"Natural fence" using large container garden planters...ideas?

carolbarrelNovember 20, 2013

I have a dog and am moving to a place that won't allow a fence or dog run. There's a small space out back I can cordon off by lining up tall containers with tall plants and/or trees. I also want to have a coupla rain barrels to use to capture greywater for the container garden "fence". If you can picture what I'm trying to do, what would you suggest me planting in tall heavy pots that would not only thrive but would grow fast and winter-over ok in coastal South Carolina? FYI...there's also a small shed out back that would "anchor" one corner. The space I'd like to cordon off for dog and patio use will be approx 40' at the widest point with two flanking sides of 10-15 ft. (The home itself is the "fourth side" and provides a solid wall to this future doggie pen/patio area.) Thanks all for any ideas, even outside the box ideas which are imho always fun. TIA for your help!

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nil13(z21 L.A., CA (Mt. Washington))

If you can put up what amounts to a wall of containers, you can make a fence. With the parameters you are describing, I would use a Missouri Gravel Bed or Gritty Mix container medium since both are really heavy. Then I would stick posts in some of the pots (ideally 15gal depending on the size of dog) and run some garden fencing across the posts. Plant the containers with some large ornamental grass and it will cover the fencing in short order. The grass goes dormant in the winter but it still lends structural interest. You would probably want to cut the grass back in the spring when new growth starts, but it would reveal the fencing for only a short period of time.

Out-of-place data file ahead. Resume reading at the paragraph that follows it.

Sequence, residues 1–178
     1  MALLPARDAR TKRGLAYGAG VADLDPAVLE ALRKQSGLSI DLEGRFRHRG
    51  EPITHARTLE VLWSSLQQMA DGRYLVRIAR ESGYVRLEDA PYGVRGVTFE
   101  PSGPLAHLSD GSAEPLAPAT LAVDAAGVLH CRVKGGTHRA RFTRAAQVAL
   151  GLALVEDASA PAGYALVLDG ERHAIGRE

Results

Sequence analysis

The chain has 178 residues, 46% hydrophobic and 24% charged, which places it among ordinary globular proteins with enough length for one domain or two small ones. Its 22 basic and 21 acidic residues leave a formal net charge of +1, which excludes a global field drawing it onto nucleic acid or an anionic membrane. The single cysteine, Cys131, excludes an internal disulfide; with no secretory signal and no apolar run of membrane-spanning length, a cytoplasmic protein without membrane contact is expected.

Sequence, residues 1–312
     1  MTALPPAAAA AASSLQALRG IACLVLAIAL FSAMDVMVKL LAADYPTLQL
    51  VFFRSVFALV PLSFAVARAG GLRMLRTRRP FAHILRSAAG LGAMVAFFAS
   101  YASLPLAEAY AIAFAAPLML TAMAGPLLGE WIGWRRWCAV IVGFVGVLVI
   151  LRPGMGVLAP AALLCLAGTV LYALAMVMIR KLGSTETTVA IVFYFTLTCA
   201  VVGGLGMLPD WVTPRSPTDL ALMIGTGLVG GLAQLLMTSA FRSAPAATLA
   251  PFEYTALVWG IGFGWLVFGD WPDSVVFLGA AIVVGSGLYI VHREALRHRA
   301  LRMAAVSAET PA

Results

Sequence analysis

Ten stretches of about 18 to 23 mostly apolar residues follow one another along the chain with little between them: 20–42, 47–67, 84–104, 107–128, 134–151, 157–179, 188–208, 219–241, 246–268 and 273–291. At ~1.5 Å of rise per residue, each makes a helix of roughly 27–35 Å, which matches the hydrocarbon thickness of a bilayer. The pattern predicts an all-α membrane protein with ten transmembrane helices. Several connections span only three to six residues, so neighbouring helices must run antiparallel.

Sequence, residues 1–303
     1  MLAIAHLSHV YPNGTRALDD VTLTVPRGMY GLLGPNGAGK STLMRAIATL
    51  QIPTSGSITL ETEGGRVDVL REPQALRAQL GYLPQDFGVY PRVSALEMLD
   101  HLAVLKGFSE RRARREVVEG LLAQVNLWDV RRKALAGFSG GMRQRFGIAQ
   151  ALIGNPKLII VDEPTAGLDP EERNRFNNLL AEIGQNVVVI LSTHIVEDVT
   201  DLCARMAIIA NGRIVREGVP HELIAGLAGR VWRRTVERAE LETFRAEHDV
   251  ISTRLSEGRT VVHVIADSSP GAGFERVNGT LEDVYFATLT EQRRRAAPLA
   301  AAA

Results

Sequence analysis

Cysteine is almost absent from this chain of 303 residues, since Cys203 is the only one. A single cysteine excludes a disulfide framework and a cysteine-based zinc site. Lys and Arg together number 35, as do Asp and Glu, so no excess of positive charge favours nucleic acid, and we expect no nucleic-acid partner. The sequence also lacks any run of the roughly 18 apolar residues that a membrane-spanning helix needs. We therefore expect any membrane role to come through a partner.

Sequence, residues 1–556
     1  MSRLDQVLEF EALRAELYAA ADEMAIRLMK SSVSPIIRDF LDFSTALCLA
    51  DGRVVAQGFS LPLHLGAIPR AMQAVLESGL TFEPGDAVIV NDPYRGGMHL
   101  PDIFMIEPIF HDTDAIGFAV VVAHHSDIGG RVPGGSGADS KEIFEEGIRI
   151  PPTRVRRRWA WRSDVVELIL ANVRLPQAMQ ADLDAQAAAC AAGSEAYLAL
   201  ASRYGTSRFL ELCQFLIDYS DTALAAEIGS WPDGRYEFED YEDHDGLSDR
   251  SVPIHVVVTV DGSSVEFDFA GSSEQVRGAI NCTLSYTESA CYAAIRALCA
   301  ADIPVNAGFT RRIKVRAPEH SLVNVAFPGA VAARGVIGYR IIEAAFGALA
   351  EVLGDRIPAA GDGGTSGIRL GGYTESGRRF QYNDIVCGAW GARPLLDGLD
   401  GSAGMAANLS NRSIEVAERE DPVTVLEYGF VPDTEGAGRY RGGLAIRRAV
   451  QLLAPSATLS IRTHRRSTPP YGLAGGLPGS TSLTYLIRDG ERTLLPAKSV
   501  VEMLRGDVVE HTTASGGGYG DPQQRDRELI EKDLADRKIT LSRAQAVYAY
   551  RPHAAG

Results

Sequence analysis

Bookmark   November 22, 2013 at 9:38PM
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Good luck with this. I feel more pessimistic about it-- to get the spaces between plants to be small enough to keep a dog contained, (since it could jump on or over the top edge of the pot itself) you might risk the containers being topple-able-- not to mention a dog may feel very interested in freshly-dug dirt in containers and just dig out the plants! A less troublesome/expensive option might be to put the dog on a long rope or chain.

    Bookmark   December 4, 2013 at 12:26AM
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drew51 SE MI Z5b/6a

Invisible fence would be easier to contain the dog.

    Bookmark   December 6, 2013 at 4:33PM
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liligoat(7b GA)

If not an invisible fence, you could add an electric fence within the perimeter of the container "fence." That would help protect the containers and discourage the dog from digging or escaping between gaps.

I'm not really a fan of chaining a dog but one thing I see once in a while is a sort of rope dog run. It's like a long, sturdier, higher clothes line that you attach a leash to. That way the dog can run around in a bigger area. The leash should be long enough to give some slack when the dog lays down, but not so long that it gets tangled underfoot. A retractable leash might work well.